Overwhelming Agreement on Climate
That's the bottom line conclusion of Dr. Jon Krosnick of Stanford University. Having studied and surveyed American attitudes about climate change for two decades, he's in a position to know. Dr. Krosnick spoke recently at the University of California Sacramento Center, presenting his findings from years of survey work.
|Dr. Jon Krosnick in Sacramento Nov 12, 2015|
Over the years, Dr. Krosnick's surveys have gotten more sophisticated in addressing various misconceptions about public attitudes and opinions on climate.
Since 1997, Dr. Krosnick has seen a consistently high belief that global warming is or probably will happen, with between 82% and 88% of those surveyed recognizing the problem.
Support for Government Action Widespread
Fully 78% of Americans support government action on climate, according to the surveys. "You only get up to these numbers at this level if there is endorsement of this policy not only be people who are comfortable with government action but a considerable number of americans who say, as a general rule, they prefer for government to stay out of the activity," said Dr. Krosnick. "So this is remarkable issue in the sense that this is a place where people who are in general skeptical about government involvement support government activity."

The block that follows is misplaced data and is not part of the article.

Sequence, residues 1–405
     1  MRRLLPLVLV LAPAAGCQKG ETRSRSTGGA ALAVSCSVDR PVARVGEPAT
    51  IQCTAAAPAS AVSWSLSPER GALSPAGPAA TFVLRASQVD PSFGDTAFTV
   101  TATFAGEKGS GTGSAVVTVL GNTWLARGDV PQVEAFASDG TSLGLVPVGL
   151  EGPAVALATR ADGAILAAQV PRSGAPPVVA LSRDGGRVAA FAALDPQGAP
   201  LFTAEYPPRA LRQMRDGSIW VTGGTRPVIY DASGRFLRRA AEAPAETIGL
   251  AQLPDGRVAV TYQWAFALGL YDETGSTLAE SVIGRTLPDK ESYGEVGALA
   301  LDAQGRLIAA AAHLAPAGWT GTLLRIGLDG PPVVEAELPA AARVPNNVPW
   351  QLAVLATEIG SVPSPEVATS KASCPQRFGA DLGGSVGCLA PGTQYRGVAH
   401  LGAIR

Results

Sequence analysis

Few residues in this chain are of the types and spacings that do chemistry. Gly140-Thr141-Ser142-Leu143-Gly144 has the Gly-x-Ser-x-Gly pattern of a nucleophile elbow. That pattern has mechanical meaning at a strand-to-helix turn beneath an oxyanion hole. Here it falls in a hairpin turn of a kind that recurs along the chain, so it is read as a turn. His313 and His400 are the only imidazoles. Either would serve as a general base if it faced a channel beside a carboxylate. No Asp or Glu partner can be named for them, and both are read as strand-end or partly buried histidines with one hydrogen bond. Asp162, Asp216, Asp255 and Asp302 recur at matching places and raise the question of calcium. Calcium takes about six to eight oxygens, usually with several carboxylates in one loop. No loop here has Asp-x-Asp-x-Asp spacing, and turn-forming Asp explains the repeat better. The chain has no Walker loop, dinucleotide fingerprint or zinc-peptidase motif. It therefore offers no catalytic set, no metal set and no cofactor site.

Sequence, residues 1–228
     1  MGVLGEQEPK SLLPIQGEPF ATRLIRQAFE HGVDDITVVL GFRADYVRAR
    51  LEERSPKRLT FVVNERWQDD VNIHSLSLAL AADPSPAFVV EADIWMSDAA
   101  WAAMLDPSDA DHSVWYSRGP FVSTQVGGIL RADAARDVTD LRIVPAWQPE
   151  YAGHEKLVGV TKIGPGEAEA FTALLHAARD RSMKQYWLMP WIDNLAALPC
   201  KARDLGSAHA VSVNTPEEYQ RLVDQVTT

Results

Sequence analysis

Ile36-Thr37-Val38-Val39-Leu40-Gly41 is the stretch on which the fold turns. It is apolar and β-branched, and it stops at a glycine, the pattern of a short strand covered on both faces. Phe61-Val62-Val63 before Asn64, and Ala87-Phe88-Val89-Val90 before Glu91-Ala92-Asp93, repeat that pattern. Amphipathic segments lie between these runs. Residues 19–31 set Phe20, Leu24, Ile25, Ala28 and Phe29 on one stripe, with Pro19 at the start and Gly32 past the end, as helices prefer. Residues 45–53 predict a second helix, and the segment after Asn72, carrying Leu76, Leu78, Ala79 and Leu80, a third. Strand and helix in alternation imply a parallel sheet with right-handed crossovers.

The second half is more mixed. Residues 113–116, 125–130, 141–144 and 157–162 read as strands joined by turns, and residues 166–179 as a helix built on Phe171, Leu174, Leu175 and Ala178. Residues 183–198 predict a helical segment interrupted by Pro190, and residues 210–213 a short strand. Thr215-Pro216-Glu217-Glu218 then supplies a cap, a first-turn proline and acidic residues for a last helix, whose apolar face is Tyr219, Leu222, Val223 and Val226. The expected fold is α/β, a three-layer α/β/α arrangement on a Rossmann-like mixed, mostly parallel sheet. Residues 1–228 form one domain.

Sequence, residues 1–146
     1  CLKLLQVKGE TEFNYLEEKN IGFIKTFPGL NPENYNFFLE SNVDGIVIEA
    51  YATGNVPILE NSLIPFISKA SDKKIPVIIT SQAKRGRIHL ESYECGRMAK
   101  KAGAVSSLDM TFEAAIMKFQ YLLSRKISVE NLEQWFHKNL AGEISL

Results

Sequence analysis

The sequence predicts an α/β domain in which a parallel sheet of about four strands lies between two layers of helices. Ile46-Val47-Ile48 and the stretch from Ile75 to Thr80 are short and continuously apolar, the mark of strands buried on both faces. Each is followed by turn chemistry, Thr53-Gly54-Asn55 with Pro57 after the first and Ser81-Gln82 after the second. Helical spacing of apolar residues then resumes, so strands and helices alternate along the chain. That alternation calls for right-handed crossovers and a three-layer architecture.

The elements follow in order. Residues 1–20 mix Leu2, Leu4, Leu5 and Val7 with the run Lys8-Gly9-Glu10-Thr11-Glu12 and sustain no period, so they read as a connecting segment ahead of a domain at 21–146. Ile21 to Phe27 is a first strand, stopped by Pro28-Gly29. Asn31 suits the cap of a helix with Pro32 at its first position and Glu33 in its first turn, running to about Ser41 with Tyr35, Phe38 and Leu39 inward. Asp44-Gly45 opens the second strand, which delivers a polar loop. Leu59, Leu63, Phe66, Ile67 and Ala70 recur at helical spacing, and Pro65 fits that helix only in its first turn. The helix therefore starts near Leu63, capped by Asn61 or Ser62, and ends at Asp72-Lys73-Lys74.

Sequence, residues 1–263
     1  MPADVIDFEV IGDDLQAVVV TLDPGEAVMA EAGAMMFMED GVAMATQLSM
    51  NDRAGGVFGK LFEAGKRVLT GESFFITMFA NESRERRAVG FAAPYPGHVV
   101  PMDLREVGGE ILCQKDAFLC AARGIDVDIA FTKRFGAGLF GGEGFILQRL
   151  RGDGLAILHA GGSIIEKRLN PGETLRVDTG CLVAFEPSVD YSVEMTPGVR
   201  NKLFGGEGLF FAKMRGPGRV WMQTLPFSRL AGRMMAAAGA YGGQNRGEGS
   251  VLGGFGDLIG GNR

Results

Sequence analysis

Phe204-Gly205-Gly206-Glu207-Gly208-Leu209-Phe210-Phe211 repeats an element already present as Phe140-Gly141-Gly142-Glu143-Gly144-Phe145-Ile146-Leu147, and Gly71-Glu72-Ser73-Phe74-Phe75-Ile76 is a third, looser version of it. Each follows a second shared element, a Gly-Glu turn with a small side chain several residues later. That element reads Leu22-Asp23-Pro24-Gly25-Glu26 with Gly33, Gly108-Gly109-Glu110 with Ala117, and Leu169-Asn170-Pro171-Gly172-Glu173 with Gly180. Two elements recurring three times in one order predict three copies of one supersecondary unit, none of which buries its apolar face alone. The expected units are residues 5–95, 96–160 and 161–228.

One of the issues Dr. Krosnick says he hears is that there are geographic differences of opinion regarding global warming. When he tested for this, he found that strong majority belief that global warming is happening in every area of the country. "There is not a single state that is majority skeptic on this issue, said Dr. Krosnick. The lowest number in any state is 75%. Interestingly, some of the highest numbers are in Oklahoma, home of climate denier Senator Jim Inhofe.
Parakeets and Science
Dr. Krosnick got a laugh from the audience in Sacramento when he recounted getting a call from the New York Times asking for his response to the assertion by politicians that they have nothing to say about climate change because they are not scientists. He said, "For a politician to say I am not a scientist is like saying I'm not a parakeet." His polling shows that the not-a-scientist statement resonates better that absolute climate denial among very conservative voters.
Summary of Climate Polling: Americans Green & Want Action
"A majority of Americans are green on this issue, There seems to be no regions of skepticism as far as we can tell ... It is in fact a priority for people .. They want their government to address it. People do appear willing to pay to reduce emissions. Taking green positions seems to help candidates win an election. A not-green position can hurt a candidate."
More on Dr. Krosnick's most recent national polling can be found at the New York Times site here and Resources for the Future here.